Mo Farah admits he will be battling nerves as well as the greatest 10,000m runner of all time when he seeks to win Britain's first gold medal of the 2011 World Championships on Sunday.
Farah is the fastest man in the world this year over 10,000m but must defeat the three-time Olympic champion Kenenisa Bekele if he is to become the first British male ever to win a global distance title on the track.
He told BBC Sport: "I've always been nervous before my races, whether it was at school, or on borough sports days, right up to major championships.
"It's not going to be easy - people might be saying, 'Oh, you can win it' but I've got to get the tactics right, be there to cover every move."
Since moving to Oregon in the United States to work with new coach Alberto Salazar, double European gold medallist Farah has taken his running to a new level, smashing both the British 5,000m and European 10,000m records after winning European Indoor gold in the spring.
In doing so he has shown an ability to win races by gradually winding up the pace, by accelerating with two laps to go or by kicking hard on the final bend, a new-found virtuosity that is likely to be tested to the maximum by his east African rivals.
No-one quite knows what shape Bekele, who is aiming for his fifth World 10,000m title, might be in. The Ethiopian great has not raced on the track since injuring his calf in January last year.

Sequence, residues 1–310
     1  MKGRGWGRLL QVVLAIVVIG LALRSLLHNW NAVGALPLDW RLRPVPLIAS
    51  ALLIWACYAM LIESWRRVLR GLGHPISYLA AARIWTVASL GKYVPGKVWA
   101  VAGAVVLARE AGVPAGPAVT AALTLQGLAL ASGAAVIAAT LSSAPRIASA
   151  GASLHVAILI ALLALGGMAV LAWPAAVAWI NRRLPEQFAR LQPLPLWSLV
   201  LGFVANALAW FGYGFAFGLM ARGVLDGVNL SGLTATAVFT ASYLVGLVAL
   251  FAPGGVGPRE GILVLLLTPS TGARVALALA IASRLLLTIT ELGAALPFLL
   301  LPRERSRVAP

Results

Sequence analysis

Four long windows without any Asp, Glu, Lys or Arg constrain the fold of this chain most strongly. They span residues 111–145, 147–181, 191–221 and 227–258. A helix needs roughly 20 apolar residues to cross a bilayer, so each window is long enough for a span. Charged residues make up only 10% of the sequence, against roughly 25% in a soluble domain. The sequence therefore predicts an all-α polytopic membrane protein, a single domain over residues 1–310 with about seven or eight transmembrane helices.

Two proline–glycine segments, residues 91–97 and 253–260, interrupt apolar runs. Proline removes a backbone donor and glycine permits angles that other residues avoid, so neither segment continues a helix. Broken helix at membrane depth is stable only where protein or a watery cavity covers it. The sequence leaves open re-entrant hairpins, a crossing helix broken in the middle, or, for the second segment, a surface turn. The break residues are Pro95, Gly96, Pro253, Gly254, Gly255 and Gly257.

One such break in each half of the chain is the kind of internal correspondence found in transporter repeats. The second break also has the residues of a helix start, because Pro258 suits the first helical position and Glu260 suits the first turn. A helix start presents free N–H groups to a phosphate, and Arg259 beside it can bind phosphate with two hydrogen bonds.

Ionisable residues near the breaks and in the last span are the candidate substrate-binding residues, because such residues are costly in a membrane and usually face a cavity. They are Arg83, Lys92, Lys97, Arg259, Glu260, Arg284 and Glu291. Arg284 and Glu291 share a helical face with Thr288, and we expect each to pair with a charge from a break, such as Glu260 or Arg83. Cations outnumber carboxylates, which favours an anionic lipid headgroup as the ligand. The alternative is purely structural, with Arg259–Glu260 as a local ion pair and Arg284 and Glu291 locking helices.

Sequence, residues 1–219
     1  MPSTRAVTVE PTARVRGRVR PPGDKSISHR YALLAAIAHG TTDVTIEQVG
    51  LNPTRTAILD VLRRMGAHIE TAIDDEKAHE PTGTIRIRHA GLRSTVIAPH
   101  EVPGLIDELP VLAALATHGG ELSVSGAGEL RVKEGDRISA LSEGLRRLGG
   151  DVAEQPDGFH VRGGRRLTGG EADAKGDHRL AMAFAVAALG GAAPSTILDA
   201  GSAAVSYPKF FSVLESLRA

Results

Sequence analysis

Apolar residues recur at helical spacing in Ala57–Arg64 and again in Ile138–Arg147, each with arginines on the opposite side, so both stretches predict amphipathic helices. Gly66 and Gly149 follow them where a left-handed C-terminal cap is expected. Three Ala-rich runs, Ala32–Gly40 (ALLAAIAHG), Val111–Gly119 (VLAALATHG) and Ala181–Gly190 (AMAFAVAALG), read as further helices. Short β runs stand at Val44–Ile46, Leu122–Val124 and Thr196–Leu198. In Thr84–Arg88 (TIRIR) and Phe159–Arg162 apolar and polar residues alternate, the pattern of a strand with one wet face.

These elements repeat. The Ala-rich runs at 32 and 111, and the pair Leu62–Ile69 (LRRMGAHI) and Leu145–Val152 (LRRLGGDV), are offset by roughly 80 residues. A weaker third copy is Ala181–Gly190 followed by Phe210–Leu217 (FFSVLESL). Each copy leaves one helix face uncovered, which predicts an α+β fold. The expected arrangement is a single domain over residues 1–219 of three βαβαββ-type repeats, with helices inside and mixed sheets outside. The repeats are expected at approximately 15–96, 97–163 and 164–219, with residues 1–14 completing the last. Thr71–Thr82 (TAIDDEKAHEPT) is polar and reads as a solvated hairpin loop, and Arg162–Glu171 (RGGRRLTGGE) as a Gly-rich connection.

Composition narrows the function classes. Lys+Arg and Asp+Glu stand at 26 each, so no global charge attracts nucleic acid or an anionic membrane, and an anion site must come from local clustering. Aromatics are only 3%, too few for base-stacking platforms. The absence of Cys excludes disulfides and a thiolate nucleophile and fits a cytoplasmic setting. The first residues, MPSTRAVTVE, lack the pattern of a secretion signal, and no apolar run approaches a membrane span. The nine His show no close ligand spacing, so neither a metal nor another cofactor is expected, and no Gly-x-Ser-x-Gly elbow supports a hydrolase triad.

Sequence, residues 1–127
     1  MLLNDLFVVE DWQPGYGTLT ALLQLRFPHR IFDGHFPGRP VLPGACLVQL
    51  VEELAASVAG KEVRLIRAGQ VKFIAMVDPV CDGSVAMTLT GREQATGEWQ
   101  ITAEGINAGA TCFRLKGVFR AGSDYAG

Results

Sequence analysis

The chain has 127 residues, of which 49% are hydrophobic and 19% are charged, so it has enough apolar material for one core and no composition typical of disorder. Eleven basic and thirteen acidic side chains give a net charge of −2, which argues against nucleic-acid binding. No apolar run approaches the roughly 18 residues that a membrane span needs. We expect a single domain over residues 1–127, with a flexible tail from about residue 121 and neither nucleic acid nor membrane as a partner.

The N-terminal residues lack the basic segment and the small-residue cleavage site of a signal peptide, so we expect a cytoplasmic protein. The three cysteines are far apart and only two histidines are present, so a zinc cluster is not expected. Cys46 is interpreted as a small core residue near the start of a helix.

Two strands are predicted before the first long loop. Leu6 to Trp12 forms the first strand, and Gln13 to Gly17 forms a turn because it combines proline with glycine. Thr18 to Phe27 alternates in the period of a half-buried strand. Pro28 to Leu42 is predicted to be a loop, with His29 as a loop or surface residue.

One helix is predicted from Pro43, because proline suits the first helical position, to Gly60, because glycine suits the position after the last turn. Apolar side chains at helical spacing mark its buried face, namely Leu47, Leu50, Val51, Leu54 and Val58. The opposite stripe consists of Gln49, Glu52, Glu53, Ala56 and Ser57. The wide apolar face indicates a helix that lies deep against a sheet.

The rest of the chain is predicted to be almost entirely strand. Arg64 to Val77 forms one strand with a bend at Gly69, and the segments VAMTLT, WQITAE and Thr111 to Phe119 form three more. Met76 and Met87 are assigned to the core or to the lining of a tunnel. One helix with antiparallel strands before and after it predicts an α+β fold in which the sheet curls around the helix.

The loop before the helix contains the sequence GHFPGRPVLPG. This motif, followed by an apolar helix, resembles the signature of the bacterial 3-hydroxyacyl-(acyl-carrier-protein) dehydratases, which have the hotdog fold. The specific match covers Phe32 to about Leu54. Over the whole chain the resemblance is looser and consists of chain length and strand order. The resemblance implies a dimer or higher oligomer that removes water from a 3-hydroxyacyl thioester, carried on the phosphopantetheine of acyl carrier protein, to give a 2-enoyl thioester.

But his compatriot Sileshi Sihine and Eritrea's Zersenay Tadese - beaten into fifth as Farah won the Prefontaine Classic at the start of the track season - will make this the best field the 28-year-old from west London has ever had to compete against to win a medal.
"You have to be confident that you can run in different ways, particularly against the African runners," says Farah.
"It's great that I've been able to win in different ways this season, because it gives you real confidence, but running a fast lap is one thing, getting it right in a major championships is quite another."
Earlier this week GB head coach Charles van Commenee admitted Farah would need to prove himself still further as he lines up in a major final as favourite for a gold medal.
"Concerned is not the right word, but being in that position for perhaps the first time is quite a challenge for him," Van Commenee told BBC Sport.
Farah too is keen to play down his role as most observers' pre-race pick.
"I think it's a good thing, because it shows that I've been running well. But you have to forget about everything that's gone before when you're on the start line."
Farah spent Saturday evening running a series of 200m and 150m repeats on the warm-up track adjacent to the athletes' village here in Daegu, watched by his wife Tania and six-year-old daughter Rihanna, but has now said goodbye to his family until after the final.
"I can have no distractions in the village - you just have to switch off," he said.
"It's definitely very difficult, because I'm not just away for two weeks, I'm away for five weeks, six weeks.
"But these are the sacrifices you have to make when you want to make the best of yourself, and it's a great feeling when it all pays off."